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21 October 2010

Peter Pennoyer Architects: A Modern Classic


One of the most exciting books to land on my lap this Fall is Peter Pennoyer Architects' new monograph.  If you have ever entertained the thought that Classicism is stodgy or  plain played out, this gorgeously illustrated tome will erase all such judgments.  

a model of the portico of Drumlin Hall
For over twenty-five years Pennoyer has allied himself to the Classical tradition.  And while he has made enormous contributions to the understanding and appreciation of historical iterations (he is the co-athor with Anne Walker of  several books including The Architecture of Grosvenor Atterbury  and serves as chair of the Institute of Classical Architecture's board), his work is very much in the forward-looking, experimental spirit of John Soane and David Adler.


PPA's work confirms without a doubt that Classicism can reflect the modern spirit and accomodate modern life beautifully, all the while remaining impervious to the shifting sands of fashion.  After all, while an interior may survive intact for a handful of years, a building stands for generations.

The book focuses on the firm's residential projects and is arranged by "apartments", "townhouses", and "country houses."  The photography - one of my obsessions - is excellent.  The rooms are lit to perfection, exquisitely illuminating their form and decoration .



The PPA team is incredibly talented and typical of Pennoyer's style, full credit is given to the in-house design team of each project, as well to the associated interior designers and landscape architects, including Jeffrey Bilhuber, Thomas Jayne, and Victoria Hagan.  (Sidenote: it's interesting to consider the architecture of each room separate from the decorative overlay given by each designer.)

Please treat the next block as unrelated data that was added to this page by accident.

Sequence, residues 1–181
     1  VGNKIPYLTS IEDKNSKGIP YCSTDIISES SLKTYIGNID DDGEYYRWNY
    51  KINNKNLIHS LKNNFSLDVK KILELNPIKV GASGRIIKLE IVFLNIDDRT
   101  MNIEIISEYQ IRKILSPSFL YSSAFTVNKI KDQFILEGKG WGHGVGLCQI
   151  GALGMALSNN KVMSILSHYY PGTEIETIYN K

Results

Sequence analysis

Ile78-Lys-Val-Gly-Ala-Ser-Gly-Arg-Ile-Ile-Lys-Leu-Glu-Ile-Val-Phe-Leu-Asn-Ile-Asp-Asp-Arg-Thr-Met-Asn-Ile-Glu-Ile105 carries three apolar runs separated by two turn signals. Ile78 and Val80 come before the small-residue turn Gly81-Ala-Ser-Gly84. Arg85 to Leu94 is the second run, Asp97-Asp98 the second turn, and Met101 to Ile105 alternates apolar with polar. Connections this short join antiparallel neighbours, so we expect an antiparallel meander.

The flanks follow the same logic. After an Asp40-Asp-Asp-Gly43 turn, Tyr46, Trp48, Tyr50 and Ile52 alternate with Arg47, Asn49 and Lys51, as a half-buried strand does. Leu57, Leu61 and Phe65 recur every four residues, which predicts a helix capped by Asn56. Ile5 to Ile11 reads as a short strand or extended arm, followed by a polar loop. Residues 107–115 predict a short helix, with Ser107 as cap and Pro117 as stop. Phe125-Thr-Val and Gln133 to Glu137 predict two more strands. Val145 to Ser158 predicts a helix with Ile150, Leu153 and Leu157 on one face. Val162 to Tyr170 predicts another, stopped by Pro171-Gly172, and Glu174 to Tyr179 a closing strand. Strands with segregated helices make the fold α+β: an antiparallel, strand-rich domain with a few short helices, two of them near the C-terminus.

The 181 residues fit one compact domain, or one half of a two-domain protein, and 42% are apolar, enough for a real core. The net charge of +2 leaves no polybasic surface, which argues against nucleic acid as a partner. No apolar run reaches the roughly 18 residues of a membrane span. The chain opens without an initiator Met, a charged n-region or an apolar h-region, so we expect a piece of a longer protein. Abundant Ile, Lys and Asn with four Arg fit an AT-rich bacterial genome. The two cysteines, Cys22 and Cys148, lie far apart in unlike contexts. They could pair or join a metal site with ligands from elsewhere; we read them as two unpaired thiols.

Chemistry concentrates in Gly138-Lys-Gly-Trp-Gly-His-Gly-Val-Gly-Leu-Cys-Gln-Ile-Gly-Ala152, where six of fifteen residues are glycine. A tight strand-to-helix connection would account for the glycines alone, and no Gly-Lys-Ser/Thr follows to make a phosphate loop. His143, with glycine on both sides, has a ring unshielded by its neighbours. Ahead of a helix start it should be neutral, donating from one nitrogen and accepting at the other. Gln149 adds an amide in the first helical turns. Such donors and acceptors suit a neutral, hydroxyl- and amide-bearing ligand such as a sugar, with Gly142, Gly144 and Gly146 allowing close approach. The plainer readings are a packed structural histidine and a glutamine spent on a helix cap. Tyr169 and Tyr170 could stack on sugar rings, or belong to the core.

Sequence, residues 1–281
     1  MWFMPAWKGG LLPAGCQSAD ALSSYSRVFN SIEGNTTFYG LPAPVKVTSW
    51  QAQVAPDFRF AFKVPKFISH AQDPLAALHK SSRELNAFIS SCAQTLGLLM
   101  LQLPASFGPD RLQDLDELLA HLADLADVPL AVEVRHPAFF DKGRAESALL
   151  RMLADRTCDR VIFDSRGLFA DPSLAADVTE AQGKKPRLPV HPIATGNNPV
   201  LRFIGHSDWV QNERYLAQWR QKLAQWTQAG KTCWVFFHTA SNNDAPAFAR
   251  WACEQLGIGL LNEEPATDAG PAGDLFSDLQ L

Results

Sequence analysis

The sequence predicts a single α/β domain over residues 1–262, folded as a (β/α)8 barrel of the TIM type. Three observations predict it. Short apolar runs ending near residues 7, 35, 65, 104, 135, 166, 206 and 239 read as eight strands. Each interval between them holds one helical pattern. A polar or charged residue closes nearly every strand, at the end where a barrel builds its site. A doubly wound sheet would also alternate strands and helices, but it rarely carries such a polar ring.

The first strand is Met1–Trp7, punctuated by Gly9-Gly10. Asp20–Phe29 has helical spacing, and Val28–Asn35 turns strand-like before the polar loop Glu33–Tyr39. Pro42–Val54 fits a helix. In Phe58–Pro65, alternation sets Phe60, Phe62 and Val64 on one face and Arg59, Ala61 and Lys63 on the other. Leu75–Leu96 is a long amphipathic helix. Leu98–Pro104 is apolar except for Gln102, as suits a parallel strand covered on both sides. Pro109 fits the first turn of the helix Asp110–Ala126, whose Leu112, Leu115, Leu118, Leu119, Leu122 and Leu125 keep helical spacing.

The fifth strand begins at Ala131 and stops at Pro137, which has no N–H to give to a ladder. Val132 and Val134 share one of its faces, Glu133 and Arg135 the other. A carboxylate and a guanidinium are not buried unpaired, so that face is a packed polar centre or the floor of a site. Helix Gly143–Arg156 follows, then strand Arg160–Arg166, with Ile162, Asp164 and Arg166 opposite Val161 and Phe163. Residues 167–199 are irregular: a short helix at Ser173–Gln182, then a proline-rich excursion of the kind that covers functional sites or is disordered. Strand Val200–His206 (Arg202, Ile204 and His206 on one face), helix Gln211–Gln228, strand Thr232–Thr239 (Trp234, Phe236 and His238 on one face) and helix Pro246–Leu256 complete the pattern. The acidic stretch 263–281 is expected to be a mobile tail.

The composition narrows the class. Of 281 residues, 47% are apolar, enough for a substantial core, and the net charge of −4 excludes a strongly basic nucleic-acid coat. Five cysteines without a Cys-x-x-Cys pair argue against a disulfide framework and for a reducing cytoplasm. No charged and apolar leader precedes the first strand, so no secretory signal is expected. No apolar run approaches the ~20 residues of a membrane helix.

Rating: a full five exclamation points  - an absolute must for any serious design library

Join me in line this evening at Archivia Books where Peter will be signing copies from 6 p.m. onwards.


All photographs from Peter Pennoyer Architects: Apartments, Townhouses, and Country Houses by Anne Walker

Join me all week at the International Show Blog.

4 comments:

Dovecote Decor said...

He's grand, and so is his wife, Katie Ridder. I grew up with a Peter Pennoyer on Duck Pond road, but don't think he's one and the same. My book budget is getting out of control.
Best,
Liz

Toby Worthington said...

Those inlaid doors at the top of the post are vaguely
reminiscent of those in the 1957 apartment of
Pierre Delbée as seen in the Jansen book, are they not?

The Pennoyer book on the work of Delano and Aldrich
is another favourite.
Which means I must add this latest to my list of needs.

Reggie Darling said...

I missed the book signing, but bought the tome at Archivia the next afternoon. Understand that several hundred showed up for the party! Spent several hours pouring over the book this morning, and was--as they say--gobsmacked by it. Incredible projects, incredibly designed, and incredibly well executed. Would that all architects of PP's sensibility and talents had such clients. Marvelous. RD

Linenqueen said...

The first time I saw the picture of the stair hall I was just stunned. It affected me like the Sistine Chapel. I found Mr. Pennoyers website and wrote him a short note of praise. He wrote back "Thank you". I was pleased.

I read that he makes all his own moulding. That stair hallway is a show stopper. I can gaze on that picture for a long time trying to figure out how he made something so beautiful out of what otherwise would have gone unnoticed.

Thank you for bringing his work to your blog. Ann